While we don’t know much about Austin, we do know that the Lions will remain a 4-3 defense in 2014. However, Austin does promise use multiple looks up front. We can also expect to see the Lions be a little bit more blitz-heavy than they have been in recent seasons.
IDP Winner – Second-year man Ziggy Ansah is expected to be moved around in Austin’s defense. Ansah had eight sacks in limited snaps as a rookie, and he’s a Rotoworld favorite to breakout out in 2014.
IDP Loser – DeAndre Levy finished as a Top 10 fantasy linebacker in most IDP scoring systems last season. Don’t expect a repeat performance in 2014. Jim Schwartz’s defense funnels the action to the weak side linebacker, and we don’t have any indication that Austin’s defense will do the same. Levy is also extremely unlikely to repeat the six interceptions he had last season.
DST Outlook – The Lions were mediocre as a fantasy unit last season despite having talent on the defensive side of the ball. There’s no reason to assume they’ll be any better in 2014. Keep them on your list of streamers.
Minnesota – George Edwards
Like what we saw in Cleveland, Edwards is the defensive coordinator in name, but Mike Zimmer is the one who’s really pulling the strings. We can expect Zimmer to take a similar approach to what he did in Cincinnati where he used his front four to generate pressure without rely much on the blitz.
IDP Winners – While we rarely pay much attention to the defensive tackle position, Zimmer was in part responsible for making Geno Atkins a household name. The Vikings are sitting with a young talent at the position in Sharrif Floyd, who has the profile to be a breakout 3-technique in Zimmer’s system. Everson Griffen also has the makings of a strong IDP option with Jared Allen now out of the mix.
IDP Loser – A lot of folks are looking at Audie Cole as a sleeper at the linebacker position, but I’d steer clear of that path. Cole's small sample size and the fact that he was playing behind Jasper Brinkley in the offseason don't bode positively for a breakout fantasy season.
DST Outlook – The Vikings were fantasy’s No. 32 unit last season, so there’s nowhere to go but up. However, there are still a few too many holes in this defense for them to make much of a fantasy impact this season.
St. Louis – Gregg Williams
Out of the league since the “Bountygate” scandal, a lot of people may have forgotten just how innovate of a defensive coordinator Williams was in his tenure with New Orleans. His aggressive scheme is an excellent fit with the existing personnel in St. Louis.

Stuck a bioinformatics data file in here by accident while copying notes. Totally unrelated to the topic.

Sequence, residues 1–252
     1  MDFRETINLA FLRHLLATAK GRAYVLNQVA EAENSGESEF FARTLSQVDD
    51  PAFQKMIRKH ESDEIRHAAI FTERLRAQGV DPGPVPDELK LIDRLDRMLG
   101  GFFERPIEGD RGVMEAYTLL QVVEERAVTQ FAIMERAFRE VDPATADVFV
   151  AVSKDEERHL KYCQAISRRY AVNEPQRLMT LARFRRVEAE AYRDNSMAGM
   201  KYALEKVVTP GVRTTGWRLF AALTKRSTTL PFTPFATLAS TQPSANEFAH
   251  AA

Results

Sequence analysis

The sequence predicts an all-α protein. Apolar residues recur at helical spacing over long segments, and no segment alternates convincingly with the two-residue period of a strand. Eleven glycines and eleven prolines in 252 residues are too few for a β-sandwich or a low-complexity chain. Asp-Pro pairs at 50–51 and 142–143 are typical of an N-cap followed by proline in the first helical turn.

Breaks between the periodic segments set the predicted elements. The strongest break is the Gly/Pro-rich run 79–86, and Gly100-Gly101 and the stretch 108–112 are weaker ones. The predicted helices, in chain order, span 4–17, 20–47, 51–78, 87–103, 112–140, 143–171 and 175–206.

Williams runs primarily out of a 4-3, but you can expect to see multiple looks that verge on the exotic at times. Look for Williams to generate a lot of pressure from his stacked defensive line while frequently blitzing his linebackers from the second level.
IDP Winner – We could really make an argument for most of the Rams defenders here, but I’m going to put my chips on T.J. McDonald as the biggest beneficiary. Williams’ system was extremely friendly to Roman Harper in New Orleans, and McDonald will now be that playmaker in the middle of the field who will be called on to blitz at times and will get plenty of opportunities to create turnovers as the “robber.”
IDP Loser – There’s really no player on this unit who sticks out as a clear loser.
DST Outlook – The Rams were a Top 10 fantasy unit last season thanks in large part to Robert Quinn’s breakout season. They’ll take another step forward with Williams at the helm and finish the year as a Top 5 DST.
Tampa Bay – Leslie Frazier
With Frazier in at defensive coordinator and Lovie Smith in at head coach the Tampa-2 will return to Tampa. Well, sort of. No team in the NFL runs the Tampa-2 exclusively, and most all teams deploy Tampa-2 concepts at some point. However, we’re going to see plenty of Cover 2 in Tampa this season.
IDP Winners - This scheme bodes positively for several players on the defensive side of the ball, most notably Gerald McCoy, Lavonte David and Alterraun Verner. Both David and McCoy are already at the top of their positions in terms of fantasy value, and you know that, but Verner is really interesting. He’s coming off a career-year and will get an opportunity to make plays in this defense. Let’s not forget that we saw strong fantasy seasons recently out of Charles Tillman under Smith and Antoine Winfield under Frazier.
IDP Loser – As much as I love Mark Barron from a skill standpoint, Tampa-2 and Cover 2 typically don’t bode positively for fantasy production out of the safeties.
DST Outlook – If there’s a team to peg as this year’s breakout DST, it’s the Bucs. They’re loaded with young talent, and Smith's units with the Bears were frequently among the league's top fantasy defenses.